Huawei itself argues the criticism is a politically-motivated attack by Washington to hit the Chinese economy. The tech company is the World’s biggest provider of this kind of technology, as well as one of China’s most successful exporters.

China itself has undoubtedly faced more scrutiny from the international community in recent months, following news stories about the Chinese Government’s handling of Coronavirus, Hong Kong protests, the detention of Uighur Muslims in ‘reeducation’ camps, and the close connections between Huawei and the Chinese Communist Party.

All four of the UK’s big mobile providers (BT EE, Vodafone, Three and O2) all use Huawei equipment in their core networks, albeit to different extents. The decision also affects major broadband infrastructure providers, such as BT Openreach, and related ISPs.

In practice, this means 5G providers will be forced to look at alternatives from either Finnish-provider Nokia or Swedish provider Ericsson.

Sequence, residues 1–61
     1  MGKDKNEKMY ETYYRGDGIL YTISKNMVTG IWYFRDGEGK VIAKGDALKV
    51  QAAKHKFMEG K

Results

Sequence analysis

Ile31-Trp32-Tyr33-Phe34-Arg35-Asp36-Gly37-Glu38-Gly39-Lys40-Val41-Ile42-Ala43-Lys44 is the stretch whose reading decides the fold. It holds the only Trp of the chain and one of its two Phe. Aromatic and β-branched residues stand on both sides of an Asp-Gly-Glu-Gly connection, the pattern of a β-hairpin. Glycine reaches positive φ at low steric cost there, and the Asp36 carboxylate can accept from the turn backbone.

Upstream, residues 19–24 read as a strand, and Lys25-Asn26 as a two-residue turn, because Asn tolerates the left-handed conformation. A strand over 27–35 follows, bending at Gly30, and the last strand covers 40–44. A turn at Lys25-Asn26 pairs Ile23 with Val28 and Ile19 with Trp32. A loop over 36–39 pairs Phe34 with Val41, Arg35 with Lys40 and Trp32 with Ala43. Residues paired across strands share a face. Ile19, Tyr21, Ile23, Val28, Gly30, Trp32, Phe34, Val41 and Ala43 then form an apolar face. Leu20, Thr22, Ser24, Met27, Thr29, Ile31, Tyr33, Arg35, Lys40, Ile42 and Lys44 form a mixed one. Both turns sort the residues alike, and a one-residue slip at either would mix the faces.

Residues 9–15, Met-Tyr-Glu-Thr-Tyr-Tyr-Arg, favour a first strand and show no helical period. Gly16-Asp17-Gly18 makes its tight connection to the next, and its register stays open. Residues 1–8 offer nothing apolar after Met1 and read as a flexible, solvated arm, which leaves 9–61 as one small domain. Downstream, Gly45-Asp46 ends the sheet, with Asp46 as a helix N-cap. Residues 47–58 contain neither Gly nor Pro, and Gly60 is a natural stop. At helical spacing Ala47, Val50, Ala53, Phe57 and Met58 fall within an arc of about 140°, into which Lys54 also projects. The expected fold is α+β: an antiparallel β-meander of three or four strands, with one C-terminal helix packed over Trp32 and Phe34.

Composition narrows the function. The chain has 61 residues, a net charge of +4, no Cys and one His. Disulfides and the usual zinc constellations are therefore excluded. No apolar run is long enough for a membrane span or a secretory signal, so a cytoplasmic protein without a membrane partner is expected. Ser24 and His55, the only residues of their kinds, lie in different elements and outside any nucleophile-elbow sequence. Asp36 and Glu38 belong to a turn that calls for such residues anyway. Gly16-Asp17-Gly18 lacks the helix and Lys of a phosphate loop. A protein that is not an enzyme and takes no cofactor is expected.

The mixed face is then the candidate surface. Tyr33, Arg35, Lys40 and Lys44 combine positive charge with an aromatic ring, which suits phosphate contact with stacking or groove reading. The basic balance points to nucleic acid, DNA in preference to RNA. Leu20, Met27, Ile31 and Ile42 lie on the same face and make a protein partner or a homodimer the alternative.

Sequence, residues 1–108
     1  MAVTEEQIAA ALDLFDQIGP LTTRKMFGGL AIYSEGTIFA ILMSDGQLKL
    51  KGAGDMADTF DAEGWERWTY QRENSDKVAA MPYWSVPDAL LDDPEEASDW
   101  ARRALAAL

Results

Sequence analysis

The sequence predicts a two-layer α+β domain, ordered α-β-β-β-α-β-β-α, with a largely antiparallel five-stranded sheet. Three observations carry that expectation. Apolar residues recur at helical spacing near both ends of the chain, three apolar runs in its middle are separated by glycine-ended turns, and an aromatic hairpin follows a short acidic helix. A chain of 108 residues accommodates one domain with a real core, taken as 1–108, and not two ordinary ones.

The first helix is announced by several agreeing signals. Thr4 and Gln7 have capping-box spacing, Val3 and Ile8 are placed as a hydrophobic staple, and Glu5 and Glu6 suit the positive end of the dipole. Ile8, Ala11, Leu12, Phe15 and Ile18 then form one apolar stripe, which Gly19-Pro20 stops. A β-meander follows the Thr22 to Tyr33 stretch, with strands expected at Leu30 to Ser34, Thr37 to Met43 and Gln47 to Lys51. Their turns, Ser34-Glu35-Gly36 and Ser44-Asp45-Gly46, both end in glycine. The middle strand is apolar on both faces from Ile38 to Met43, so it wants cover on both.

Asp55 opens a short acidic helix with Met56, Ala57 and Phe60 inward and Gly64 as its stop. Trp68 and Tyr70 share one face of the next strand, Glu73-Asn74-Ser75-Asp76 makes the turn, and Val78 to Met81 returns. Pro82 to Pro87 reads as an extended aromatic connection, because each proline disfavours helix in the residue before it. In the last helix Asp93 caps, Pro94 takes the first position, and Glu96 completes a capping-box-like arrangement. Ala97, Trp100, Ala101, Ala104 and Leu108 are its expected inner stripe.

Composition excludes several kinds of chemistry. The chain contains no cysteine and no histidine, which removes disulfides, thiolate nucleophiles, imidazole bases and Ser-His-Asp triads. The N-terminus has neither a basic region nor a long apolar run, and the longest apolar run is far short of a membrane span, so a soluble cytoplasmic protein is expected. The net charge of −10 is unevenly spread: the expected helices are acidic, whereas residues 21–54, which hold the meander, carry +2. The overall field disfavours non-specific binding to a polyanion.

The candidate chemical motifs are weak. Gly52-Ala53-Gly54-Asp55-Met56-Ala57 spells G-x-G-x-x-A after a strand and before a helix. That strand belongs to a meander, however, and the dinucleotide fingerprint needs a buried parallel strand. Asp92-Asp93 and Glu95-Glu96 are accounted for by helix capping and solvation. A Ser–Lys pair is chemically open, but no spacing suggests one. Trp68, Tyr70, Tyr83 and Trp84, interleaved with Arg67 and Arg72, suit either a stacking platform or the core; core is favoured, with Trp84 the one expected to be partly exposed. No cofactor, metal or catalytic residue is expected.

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Mid-market iPhone SE relaunched by Apple

Apple have launched a new mid-market iPhone, the iPhone SE, to popular aclaim.

Similar to the iPhone 7 in appearance, this more baseline model of iPhone is designed to broaden the user-base of Apple’s popular iPhone range into the territory of more budget Android smartphone alternatives.

Not that Apple have scrimped on the technology – even the more basic SE includes an A13 Chip, 4.7-inch Retina HD display, and the ‘best single camera’ system on an iPhone ever (as opposed to the multi-lens affairs on more premium iPhones.)

In a nod to the World’s current Coronavirus difficulties, the SE also contains the original TouchID fingerprint sensor, so that users can still unlock the screen without removing facemasks.

Like it’s experimental predecessor, the 2nd-generation SE will also be available at more affordable prices: including £10.99 a month, or £279 upfront via Apple trade-in, suggesting there will soon be some very cost-effective deals reaching customers on the high street. To thin Apple’s extensive iPhone range, the iPhone 8 will also be discontinued.

Apple’s physical high-street stores remain closed due to Covid-19 lockdown – however online preorder begins from Friday 17th April, starting at £419.